- The Racial Mundane: Asian American Performance and the Embodied Everyday by Ju Yon Kim
Ju Yon Kim, associate professor of English at Harvard University and author of The Racial Mundane: Asian American Performance and the Embodied Everyday, discusses the relationship between quotidian behaviors and racialized, non-white bodies in social and performative contexts. She specifically discusses how the practice of certain ordinary behaviors have been perceived by non-Asians and how they have informed stereotypes of Asian Americans.
In the introduction Kim writes, “From inflections of speech and gesture to daily routines, the mundane is the slice of the everyday carried—and carried out—by the body. … The displacement of quotidian behaviors from anonymity into public scrutiny more broadly has played a crucial role in shaping Asian American racial formation” (p. 3). Kim frames her discussion on the significance of quotidian behaviors through Richard Schechner’s “twice behaved-behavior,” Judith Butler’s theory of performativity, and Pierre Bourdieu’s theory of the habitus. Her discussion on the public scrutiny that Asian Americans and many other ethnic minorities experience relies heavily on Richard Dyer’s book White: Essays on Race and Culture and Robert E. Park’s essay “Behind Our Masks.” The ongoing public scrutiny of Asian Americans has led to the creation and perpetuation of widely disparate but equally racist stereotypes like “yellow peril” and “the model minority.” Kim informs readers that Asian Americans’ behaviors and the dominant white majority’s perception of those behaviors have created and sustained these dual, contradictory identities. She writes, “The minutiae of daily life not only imbue these opposing [End Page 522] characterizations of Asian Americans with an illusory precision, but also play a vital role in managing their contradictions. As this book elaborates, the paradox of Asian American racial formation is sustained through the mundane’s ambiguous relationship to the body: it is enacted by the body, but may or may not be of the body” (p. 3). Simple behaviors such as eating rice or studying and excelling at classical music, math, and science have been employed to isolate Asian Americans from other ethnic groups in the United States. The dominant white majority has associated these behaviors with Asian Americans, and this connection between simple behaviors and the Asian American community has perpetuated prejudices and stereotypes.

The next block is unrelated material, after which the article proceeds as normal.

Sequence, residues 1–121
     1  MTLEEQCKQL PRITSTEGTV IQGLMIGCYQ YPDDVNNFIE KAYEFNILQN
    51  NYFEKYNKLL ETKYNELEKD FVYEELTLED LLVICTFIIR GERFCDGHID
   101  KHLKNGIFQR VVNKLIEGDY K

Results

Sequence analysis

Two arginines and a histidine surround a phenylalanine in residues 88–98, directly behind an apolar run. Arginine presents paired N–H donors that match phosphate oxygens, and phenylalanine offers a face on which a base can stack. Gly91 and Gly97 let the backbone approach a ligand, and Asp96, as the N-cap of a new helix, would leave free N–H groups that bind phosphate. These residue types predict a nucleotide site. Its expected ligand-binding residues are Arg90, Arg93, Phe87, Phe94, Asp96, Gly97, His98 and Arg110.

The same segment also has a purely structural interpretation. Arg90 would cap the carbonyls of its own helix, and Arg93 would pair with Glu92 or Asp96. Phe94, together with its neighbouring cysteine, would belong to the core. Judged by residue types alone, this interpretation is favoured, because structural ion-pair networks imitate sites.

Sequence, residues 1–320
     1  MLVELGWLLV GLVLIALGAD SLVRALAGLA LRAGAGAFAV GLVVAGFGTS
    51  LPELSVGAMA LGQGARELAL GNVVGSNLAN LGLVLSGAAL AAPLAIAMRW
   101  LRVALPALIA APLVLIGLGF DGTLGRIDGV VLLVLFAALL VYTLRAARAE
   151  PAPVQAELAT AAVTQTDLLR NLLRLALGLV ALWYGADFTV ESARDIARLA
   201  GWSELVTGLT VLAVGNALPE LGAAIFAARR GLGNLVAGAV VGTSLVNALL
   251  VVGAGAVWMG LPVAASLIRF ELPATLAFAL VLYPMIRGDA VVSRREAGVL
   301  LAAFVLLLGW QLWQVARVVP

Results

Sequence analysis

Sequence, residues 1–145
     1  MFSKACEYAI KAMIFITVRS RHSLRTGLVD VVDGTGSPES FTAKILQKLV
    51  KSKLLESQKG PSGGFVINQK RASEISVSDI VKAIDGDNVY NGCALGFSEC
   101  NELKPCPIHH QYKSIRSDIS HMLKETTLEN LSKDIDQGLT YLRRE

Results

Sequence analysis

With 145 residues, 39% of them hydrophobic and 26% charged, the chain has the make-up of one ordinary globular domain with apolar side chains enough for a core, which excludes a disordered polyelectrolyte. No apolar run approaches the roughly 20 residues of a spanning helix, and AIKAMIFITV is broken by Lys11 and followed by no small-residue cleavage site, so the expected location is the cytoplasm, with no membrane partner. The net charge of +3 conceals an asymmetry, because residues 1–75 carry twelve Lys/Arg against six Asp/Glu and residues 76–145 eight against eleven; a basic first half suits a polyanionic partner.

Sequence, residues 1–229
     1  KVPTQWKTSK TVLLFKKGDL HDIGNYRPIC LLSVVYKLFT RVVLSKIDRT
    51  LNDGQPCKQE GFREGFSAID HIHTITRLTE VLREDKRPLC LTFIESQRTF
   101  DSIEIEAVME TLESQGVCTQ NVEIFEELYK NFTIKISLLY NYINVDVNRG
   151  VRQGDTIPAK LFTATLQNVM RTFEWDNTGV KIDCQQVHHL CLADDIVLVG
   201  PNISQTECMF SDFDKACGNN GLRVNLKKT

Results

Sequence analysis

Within her framework, Kim weaves historical moments such as Chinese immigration to the United States, the Chinese Exclusion Act, Japanese American and Japanese Canadian internment, Japanese “war brides,” the Los Angeles riots, and the Black-Korean conflict with various plays, novels, and films such as Harry Benrimo and George C. Hazelton Jr.’s The Yellow Jacket (1912), Thornton Wilder’s Our Town (1938), Velina Hasu Houston’s Tea (1984), Elizabeth Wong’s Kimchee and Chitlins (1990), Joy Kogawa’s novel Itsuka (1992), Anna Deavere-Smith’s Fires in the Mirror (1992), Twilight: Los Angeles, 1992 (1994), Justin Lin’s Better Luck Tomorrow (2003), and Lauren Yee’s Ching Chong Chinaman (2007). For each of these historical events Kim identifies a quotidian behavior that informs a profound understanding of both the events and the theatrical piece they engendered.
Kim’s discussion of Tea showcases the significance of Japanese women drinking tea. The way in which each of the women drink their tea is a clear indication of how shallowly or deeply they have assimilated into postwar white American culture. The play focuses on a group of Japanese “war brides” who come together and reflect upon their lives in the United States over tea after a fellow Japanese “war bride” in their neighborhood commits suicide. Kim concludes her discussion of Tea by writing:
Confronting the question of how to navigate between the sweeping claims of racial difference that justified the internments and the subsequent valorization of inconspicuous assimilation, the play posit[s] the ritualization of everyday activities as a means of performing community and defying pressures to disappear. … The community performed in [Tea] [is] continuously negotiating, on the one hand, racializations as treacherous “Japs” and on the other, demands that they quietly disappear...